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Integral Education

Posted by on in Early Childhood
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"The role of the teacher is to put the child upon the right road to his own perfection and encourage him to follow it, watching, suggesting, helping, but not imposing or interfering."

Kireet Joshi


The trend to consider the “whole” child when teaching has been at the forefront of early childhood education for years and is definitely making a positive impact on how early childhood professionals teach children and meet their needs. As I mentioned in my last post, if we truly want to meet all the needs of children, we need to take this trend one step further and look at helping children to be more “connected” and to nurture that feeling of being a part of something bigger. In order to prepare children for the future, we need to incorporate a philosophy that lets them know that there is interrelatedness, and that everything is intimately connected with everything else.


When we talk about educating the whole child, we’re referring to the four developmental domains: physical, social/emotional, cognitive and communicative. We need to not only look at the body, emotions, and mind, but also include the transpersonal dimension as well. We need to somehow unite the ancient educational goal of self-knowledge with the modern-day goal of world knowledge. Integral Education begins with the inborn qualities of each child (curiosity, trust, self-expression and love) and introduces curriculum in the humanities, arts and sciences to help the children’s inborn qualities develop.


Children would be better served if teachers helped them look into themselves, taught them to listen to their inner voices, and helped them discover what they liked to play with or study. Accepting the child and helping him know what kind of person he is; his style, aptitudes and knowing what you can build on will go further in preparing him for life, while also helping him to function to the best of his abilities and to manifest his full potential.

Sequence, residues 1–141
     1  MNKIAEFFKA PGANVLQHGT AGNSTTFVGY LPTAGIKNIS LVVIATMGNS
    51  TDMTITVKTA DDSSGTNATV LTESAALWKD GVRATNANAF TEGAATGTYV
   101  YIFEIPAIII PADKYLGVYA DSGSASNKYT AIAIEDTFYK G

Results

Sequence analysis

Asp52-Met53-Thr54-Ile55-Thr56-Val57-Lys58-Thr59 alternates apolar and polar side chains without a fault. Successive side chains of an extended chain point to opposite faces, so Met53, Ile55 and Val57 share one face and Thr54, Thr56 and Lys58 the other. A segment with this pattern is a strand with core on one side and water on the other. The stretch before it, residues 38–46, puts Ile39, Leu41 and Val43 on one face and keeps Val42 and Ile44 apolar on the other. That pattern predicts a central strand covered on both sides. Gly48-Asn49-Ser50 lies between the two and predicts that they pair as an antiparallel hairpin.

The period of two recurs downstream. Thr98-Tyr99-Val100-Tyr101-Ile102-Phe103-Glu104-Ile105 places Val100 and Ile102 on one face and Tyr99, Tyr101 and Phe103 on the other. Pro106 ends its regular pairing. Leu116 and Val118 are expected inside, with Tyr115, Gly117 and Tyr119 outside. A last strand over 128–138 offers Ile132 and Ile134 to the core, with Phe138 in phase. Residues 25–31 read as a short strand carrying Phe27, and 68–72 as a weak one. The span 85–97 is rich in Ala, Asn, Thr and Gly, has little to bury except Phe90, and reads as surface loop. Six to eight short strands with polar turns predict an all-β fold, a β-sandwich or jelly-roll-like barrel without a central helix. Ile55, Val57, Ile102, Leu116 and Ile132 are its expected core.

This may seem a bit overwhelming but here are a few simple steps to get you started.


1. Focus on the process and not the product of an activity.


2. Notice when children have special interests and abilities and let them explore them more.


3. Ask open-ended questions that help children to think creatively or outside of the box.


4. Provide hands-on experiences, projects and field trips.


5. Make sure the environment is a rich source of intellectual and creative inspiration, with freedom of movement, and ample resources.


As early childhood professionals we need to address ways to develop this new trend of educating the whole child, to allow them to learn traditional academics in a way that respects their inner being so that they can develop a good sense of self, with inner strength and a deep sense of purpose, a relatedness to others, and an ability to problem solve. The goal then is for children to learn the more traditional academics within this kind of a classroom environment and to be responsible for their own happiness and emotions.


Please share any activity ideas or projects you have done with children that support this philosophy.

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Jody Martin has a B.A. in Psychology and a minor in Child Development and 25 years of extensive and diverse experience in the early childhood field. She taught preschool, directed a childcare center and worked at the corporate offices of two national childcare companies. She has also authored articles for several early childhood publications and a book on health and safety. She is a dynamic presenter and recognized leader in the field of early childhood education with a commitment to providing quality programs for children.
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Guest Tuesday, 25 October 2016